Prem Watsa: Even Great Investors Have To Understand Their Limitations

Johnny HopkinsInvesting Strategy, Prem WatsaLeave a Comment

Here is a an example of what makes Prem Watsa a great investor. We were recently reading though the 1990 Fairfax Annual Report when we came across a couple of gems from Chairman Watsa. He is speaking about the mistake he made in the company’s investment banking business, and understanding your limitations as an investor.

Here’s an excerpt from that letter:

We are no longer in the high profile stock brokerage business. During 1990 Walwyn merged with Midland Doherty backed by a capital infusion from Mackenzie Financial. The merger was very well managed but late in the year Tony Arrell, who continued to have our total support, decided to resign from Midland Walwyn.

Given Tony’s resignation and Confederation Life’s continuing interest in the business, we decided to transfer our interest to Confederation Life. By September 30, 1990 we had already written off our investment in Midland Walwyn, so this sale did not and will not have any further impact on our financial statements.

However, our venture into the stock brokerage business cost our shareholders $3.5 million plus the opportunity cost on this capital for two years. We continue to hold our $8.7 million in 12.5% convertible debentures due in December 1993. With the capital raised recently by Midland Walwyn, we are comfortable valuing these debentures at par. We are confident that Midland Walwyn will continue to be very successful under the guidance of Mackenzie Financial and Confederation Life and wish them well in the future. It is highly likely (and personally much appreciated) that you will not see your Chairman’s name in the local newspapers soon!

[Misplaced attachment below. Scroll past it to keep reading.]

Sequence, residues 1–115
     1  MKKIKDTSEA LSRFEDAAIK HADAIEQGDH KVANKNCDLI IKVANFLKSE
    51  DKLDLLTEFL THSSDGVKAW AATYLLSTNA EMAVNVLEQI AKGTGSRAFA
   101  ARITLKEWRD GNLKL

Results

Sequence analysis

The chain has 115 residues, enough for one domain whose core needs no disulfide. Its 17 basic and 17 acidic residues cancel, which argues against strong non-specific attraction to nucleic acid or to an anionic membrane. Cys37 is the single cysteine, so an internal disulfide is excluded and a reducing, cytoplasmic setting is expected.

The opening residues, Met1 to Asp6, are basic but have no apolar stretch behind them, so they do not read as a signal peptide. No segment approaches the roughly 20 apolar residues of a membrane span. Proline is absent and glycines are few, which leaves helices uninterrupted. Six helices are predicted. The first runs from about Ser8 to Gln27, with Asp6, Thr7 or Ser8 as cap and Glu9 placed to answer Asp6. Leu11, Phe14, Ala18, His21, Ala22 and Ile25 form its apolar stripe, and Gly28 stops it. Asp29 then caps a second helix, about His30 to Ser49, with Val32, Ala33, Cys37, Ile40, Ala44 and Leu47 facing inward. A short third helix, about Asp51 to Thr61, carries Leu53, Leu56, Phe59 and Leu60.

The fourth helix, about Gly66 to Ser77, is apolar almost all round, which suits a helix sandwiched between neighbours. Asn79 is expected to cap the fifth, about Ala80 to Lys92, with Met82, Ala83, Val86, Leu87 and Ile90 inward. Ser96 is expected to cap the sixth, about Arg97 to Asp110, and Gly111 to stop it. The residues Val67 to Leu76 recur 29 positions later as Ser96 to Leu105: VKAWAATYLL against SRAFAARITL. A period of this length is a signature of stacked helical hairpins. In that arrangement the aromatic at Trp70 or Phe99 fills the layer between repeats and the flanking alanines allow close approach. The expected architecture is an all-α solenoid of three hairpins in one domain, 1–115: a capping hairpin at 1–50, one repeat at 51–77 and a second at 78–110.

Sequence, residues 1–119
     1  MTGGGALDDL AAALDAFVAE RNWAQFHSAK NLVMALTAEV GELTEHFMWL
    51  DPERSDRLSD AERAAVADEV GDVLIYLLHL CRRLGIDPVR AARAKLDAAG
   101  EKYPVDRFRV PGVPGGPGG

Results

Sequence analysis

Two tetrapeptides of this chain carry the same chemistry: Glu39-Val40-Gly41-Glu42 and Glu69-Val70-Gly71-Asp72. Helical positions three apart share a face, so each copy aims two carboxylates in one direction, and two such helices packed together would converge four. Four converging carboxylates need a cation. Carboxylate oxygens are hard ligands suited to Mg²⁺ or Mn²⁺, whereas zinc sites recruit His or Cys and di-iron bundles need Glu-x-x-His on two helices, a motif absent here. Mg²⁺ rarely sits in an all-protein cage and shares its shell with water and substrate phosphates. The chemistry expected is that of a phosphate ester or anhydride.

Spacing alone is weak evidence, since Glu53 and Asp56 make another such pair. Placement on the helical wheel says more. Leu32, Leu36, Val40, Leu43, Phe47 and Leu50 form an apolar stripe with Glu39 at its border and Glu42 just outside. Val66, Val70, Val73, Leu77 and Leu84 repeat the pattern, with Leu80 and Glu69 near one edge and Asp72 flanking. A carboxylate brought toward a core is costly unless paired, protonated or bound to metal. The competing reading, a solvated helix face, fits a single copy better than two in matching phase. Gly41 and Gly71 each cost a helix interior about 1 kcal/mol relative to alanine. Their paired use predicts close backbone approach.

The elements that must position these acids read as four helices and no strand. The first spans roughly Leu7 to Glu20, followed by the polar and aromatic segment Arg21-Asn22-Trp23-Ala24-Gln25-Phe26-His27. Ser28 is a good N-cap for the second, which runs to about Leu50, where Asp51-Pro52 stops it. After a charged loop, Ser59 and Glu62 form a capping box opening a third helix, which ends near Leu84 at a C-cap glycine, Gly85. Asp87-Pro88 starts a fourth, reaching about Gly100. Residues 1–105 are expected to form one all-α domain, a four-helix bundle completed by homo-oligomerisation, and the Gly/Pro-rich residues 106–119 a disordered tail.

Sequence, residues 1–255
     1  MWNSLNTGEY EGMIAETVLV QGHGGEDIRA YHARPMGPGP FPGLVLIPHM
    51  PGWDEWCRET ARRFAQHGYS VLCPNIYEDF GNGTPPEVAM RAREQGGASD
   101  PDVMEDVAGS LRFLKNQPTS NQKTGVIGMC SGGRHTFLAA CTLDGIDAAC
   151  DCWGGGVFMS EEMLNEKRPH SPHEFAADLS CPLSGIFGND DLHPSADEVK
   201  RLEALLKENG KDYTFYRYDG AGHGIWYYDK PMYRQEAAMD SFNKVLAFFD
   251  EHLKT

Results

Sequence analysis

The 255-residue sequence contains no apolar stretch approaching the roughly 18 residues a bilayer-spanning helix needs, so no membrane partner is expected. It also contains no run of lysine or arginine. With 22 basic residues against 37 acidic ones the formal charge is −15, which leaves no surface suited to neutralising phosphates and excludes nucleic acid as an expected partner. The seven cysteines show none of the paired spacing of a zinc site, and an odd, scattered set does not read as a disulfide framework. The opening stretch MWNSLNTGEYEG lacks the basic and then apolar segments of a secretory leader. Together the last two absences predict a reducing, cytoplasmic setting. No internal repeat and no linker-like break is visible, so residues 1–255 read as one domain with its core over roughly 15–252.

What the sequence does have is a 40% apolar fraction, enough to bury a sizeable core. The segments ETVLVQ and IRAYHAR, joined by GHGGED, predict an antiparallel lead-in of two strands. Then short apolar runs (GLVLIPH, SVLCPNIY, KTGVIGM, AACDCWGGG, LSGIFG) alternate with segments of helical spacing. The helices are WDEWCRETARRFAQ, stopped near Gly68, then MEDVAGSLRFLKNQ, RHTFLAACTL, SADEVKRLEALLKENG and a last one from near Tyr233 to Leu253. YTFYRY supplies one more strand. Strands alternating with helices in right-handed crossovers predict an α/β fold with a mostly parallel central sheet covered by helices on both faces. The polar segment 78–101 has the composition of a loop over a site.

We said in last year’s report that Paul Fink was not planning any further investments until the current ones mature. And did they mature! We have written off our investment in Carbovan (cost $5 million) – I was too optimistic last year – and our minor investment in Develcon continues to plod along.

Our real estate investments, run by Rob Mills, consist mainly of a small shopping mall in Calgary. During 1990 the mall was substantially leased and it is expected to produce a positive cash flow in 1991 on our investment of $3 million, net of a non-recourse mortgage of $3 million.

The investment banking losses were mainly due to your Chairman’s bright ideas! To date, investment banking has cost our shareholders $8.5 million ($1.55 per share) pre-tax excluding opportunity costs. We are reviewing the investment banking operation to take advantage of the talents of Tony Griffiths, Paul Fink and Rick Salsberg and minimize the losses from your Chairman. It is fair to say we will not do any more venture capital deals and will be extremely cautious of “turnaround” opportunities.

Like Warren Buffett, we have found that when good management tackles an industry with poor prospects, it is the industry’s reputation that remains intact.

You can find a copy of the entire 1990 Annual Report here.

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